said, he thought the measure one likely to give an improved education to the children of the middle classes, and, at the same time, to admit a portion of the children of the working class to its benefits. Many of these institutions had been founded at so distant a date that, in considering the question at the present time, they must divest themselves of sectarian prejudices and look at the matter in the broad light of Christianity. He was glad, therefore, to find that the Bill proposed to secure the denominational, which to his mind was another name for the religious, education of day scholars in these schools. Indeed, it had been said that the whole Bill was a gigantic Conscience Clause. For himself he believed there would be no real education without a religious or denominational education, and there could be no real system of denominational education without a comprehensive Conscience Clause. He had not heard in the speech of his noble Friend any rea- son for not going still lower in the scale of endowments; he could not make out why his noble Friend exempted schools with very small endowments, or those in receipt of Parliamentary grants, from the operation of the measure. There was no class of educational endowments which did more harm in many cases, and in others less good, than the endowments in these small schools; they did not provide any better education than unendowed schools, and only saved the pockets of persons in the neighbourhood. What was wanted was the lowest step in the ladder, by which boys in the working classes might be able to rise. He hoped these endowments would be handled by another Commission; and that, by some such plan as by converting these small endowments into scholarships, a boy of the working class might be enabled to rise from one step to another, passing from school to school, till he might get to the University. By this means they might be repaying an old and a great debt. Such means were formerly afforded by the monastic institutions, in which persons of the lower class were enabled to enter the Church; so that in the times of the Henries and Edwards many persons of humble origin played important parts in the government of the country. Unfortunately, under the Reformation, the monasteries were destroyed, instead of being reformed, and that condition of things came to an end; and when through the suppression of the monasteries and the extension of education among the middle classes the clergy lost their exclusive position, the status of the lower classes proportionately declined. He considered, therefore, that if the grammar schools were made, as it were, a step in the ladder, so as to give the lower classes the means of raising themselves in the social scale, the country would only be paying back to those classes what was due to them, by recompensing them for the loss of the monastic educational institutions which had been so rudely and rashly taken away. He quite agreed with what had been said by the noble Earl (Earl De Grey) with respect to gratuitous education. Primary education alone gave boys of the working classes no opportunity of rising to a higher position; and his own opinion was that, by giving even small scholarships to the sons of the working classes, a great sti- mulus would be given to education. He was convinced that if such a plan were carefully carried out a good and sound system of education would be established; people would be induced to endow still more; and others would be induced to supplement the endowments by annual subscriptions. In the main he gave the Bill his hearty support; but he felt strongly that it would not accomplish all which it might have done had the small endowments belonging to the parochial schools been dealt with.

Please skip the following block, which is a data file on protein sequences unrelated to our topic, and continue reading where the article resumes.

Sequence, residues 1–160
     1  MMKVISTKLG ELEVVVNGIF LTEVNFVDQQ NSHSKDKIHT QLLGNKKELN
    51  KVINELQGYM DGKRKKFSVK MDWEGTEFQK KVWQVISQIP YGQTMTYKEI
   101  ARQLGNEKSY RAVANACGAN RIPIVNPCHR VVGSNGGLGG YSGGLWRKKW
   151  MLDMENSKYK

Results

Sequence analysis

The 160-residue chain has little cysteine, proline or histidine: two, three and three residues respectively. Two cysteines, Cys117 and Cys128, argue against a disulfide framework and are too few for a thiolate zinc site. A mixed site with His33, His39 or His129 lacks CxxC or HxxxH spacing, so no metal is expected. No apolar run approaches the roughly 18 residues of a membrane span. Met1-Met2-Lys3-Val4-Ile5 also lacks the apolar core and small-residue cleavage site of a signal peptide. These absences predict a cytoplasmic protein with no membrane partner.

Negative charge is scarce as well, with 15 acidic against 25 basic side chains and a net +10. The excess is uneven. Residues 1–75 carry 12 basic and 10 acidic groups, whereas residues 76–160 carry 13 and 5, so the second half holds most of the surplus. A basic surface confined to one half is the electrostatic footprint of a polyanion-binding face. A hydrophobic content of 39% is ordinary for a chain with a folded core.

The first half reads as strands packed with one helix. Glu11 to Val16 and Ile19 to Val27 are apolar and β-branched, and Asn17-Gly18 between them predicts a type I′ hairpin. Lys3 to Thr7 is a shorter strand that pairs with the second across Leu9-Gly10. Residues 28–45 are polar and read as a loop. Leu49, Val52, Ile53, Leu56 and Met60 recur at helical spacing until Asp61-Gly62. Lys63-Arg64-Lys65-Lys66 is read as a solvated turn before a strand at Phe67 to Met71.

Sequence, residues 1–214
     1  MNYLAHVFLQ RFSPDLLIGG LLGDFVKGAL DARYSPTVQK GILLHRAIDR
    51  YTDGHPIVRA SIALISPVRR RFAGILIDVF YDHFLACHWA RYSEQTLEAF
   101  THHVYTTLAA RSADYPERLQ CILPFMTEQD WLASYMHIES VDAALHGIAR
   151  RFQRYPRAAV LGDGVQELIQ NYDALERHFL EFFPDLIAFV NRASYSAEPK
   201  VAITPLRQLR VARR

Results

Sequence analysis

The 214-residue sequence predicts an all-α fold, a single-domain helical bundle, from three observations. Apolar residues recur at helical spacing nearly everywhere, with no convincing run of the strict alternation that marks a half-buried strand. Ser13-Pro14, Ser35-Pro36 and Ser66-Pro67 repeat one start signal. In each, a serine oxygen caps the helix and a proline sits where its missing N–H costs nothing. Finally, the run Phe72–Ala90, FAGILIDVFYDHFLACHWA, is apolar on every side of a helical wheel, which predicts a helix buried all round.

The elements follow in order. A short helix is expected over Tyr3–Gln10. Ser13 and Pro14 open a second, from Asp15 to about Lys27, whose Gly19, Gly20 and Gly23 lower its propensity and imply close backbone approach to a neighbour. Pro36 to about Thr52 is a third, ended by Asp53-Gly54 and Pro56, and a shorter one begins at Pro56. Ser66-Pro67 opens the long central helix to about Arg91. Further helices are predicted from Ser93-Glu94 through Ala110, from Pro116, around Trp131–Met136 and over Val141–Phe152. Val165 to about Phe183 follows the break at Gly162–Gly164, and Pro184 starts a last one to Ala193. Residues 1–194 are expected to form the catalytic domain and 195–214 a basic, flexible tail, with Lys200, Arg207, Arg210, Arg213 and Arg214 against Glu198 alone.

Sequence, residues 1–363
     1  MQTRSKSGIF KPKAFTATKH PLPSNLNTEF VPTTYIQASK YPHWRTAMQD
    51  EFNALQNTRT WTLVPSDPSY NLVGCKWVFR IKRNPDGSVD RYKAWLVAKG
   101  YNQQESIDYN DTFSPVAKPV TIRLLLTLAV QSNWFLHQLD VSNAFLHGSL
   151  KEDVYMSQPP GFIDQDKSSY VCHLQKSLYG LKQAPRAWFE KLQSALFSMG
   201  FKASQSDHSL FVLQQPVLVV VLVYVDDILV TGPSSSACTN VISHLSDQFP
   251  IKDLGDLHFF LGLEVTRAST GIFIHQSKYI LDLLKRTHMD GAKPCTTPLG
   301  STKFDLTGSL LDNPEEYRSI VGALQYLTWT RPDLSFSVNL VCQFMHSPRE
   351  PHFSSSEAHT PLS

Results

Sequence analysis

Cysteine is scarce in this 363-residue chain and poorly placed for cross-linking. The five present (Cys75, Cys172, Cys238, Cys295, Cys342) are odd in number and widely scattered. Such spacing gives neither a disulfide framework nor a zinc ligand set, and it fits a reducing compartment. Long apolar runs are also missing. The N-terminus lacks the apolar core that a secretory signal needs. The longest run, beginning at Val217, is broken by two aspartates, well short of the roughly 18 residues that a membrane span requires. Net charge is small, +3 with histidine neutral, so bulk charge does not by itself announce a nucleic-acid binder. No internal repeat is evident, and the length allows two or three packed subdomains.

said he was very far from offering any opposition to the Bill, for the necessity of some such measure had been universally admitted; but he desired to point out that if the Bill passed in its present shape, the power given to the Commissioners would be so great, as very greatly to endanger the religious character of our grammar schools. A very large number of these were founded in the 16th century, and he believed that the basis of every school founded in that period was religious, the intent of the founders being that secular should be subservient to religious teaching. Now the 10th clause empowered the Commissioners to remodel the Governing Body; the 17th provided that except as hereinafter-mentioned, no person should be disqualified for the Governing Body by religious profession or opinions; the 18th affirmed that a Master need not be in Holy Orders; the 19th enacted that no new scheme should make any provision respecting the religious instruction or attendance at religious worship of the scholars, "without the consent of the Governing Body." The Commissioners and the Governing Body might, therefore, make any alteration as to religion that they might desire, and the former might change the Governing Body, and put in persons who were disposed to agree to such alterations. He did not wish to attribute any such intention to them, and he hoped the feeling of the country would always prevent education from being altogether divorced from religion. For his own part, he would rather see education based on some form of Christianity with which he did not agree than see it with no religious principle at all; and therefore he insisted that, in giving such large powers to the Commissioners, care should be taken to guard against the possibility of such powers being abused, especially in the direction of undermining the religious character of the instruction. To guard against such a contingency, he should in Committee move Amendments in accordance with the suggestions he had thrown out.